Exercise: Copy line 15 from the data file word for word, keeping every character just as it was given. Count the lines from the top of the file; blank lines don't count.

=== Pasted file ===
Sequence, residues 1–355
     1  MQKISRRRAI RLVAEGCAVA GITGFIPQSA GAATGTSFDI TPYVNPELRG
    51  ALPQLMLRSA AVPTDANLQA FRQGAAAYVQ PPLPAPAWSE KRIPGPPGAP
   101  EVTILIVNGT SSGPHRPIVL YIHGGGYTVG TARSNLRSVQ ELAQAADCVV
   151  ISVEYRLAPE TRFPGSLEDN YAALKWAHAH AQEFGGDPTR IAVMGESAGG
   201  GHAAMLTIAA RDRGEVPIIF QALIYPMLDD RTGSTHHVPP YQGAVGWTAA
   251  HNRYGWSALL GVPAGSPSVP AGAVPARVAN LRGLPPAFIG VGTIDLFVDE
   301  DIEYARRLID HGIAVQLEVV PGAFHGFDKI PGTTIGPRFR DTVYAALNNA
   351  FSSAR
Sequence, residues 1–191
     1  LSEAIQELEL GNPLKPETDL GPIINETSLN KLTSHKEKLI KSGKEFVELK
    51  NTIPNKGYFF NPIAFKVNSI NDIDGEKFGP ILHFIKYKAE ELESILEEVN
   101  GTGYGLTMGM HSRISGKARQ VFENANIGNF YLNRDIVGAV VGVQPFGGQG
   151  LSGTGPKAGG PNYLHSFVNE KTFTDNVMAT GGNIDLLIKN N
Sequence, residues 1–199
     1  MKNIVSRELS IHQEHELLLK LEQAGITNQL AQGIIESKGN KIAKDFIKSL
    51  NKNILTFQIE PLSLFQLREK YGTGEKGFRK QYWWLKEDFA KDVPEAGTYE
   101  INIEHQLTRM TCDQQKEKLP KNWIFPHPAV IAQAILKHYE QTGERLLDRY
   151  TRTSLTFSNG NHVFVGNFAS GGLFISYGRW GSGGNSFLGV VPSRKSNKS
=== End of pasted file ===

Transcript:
Sequence, residues 1–199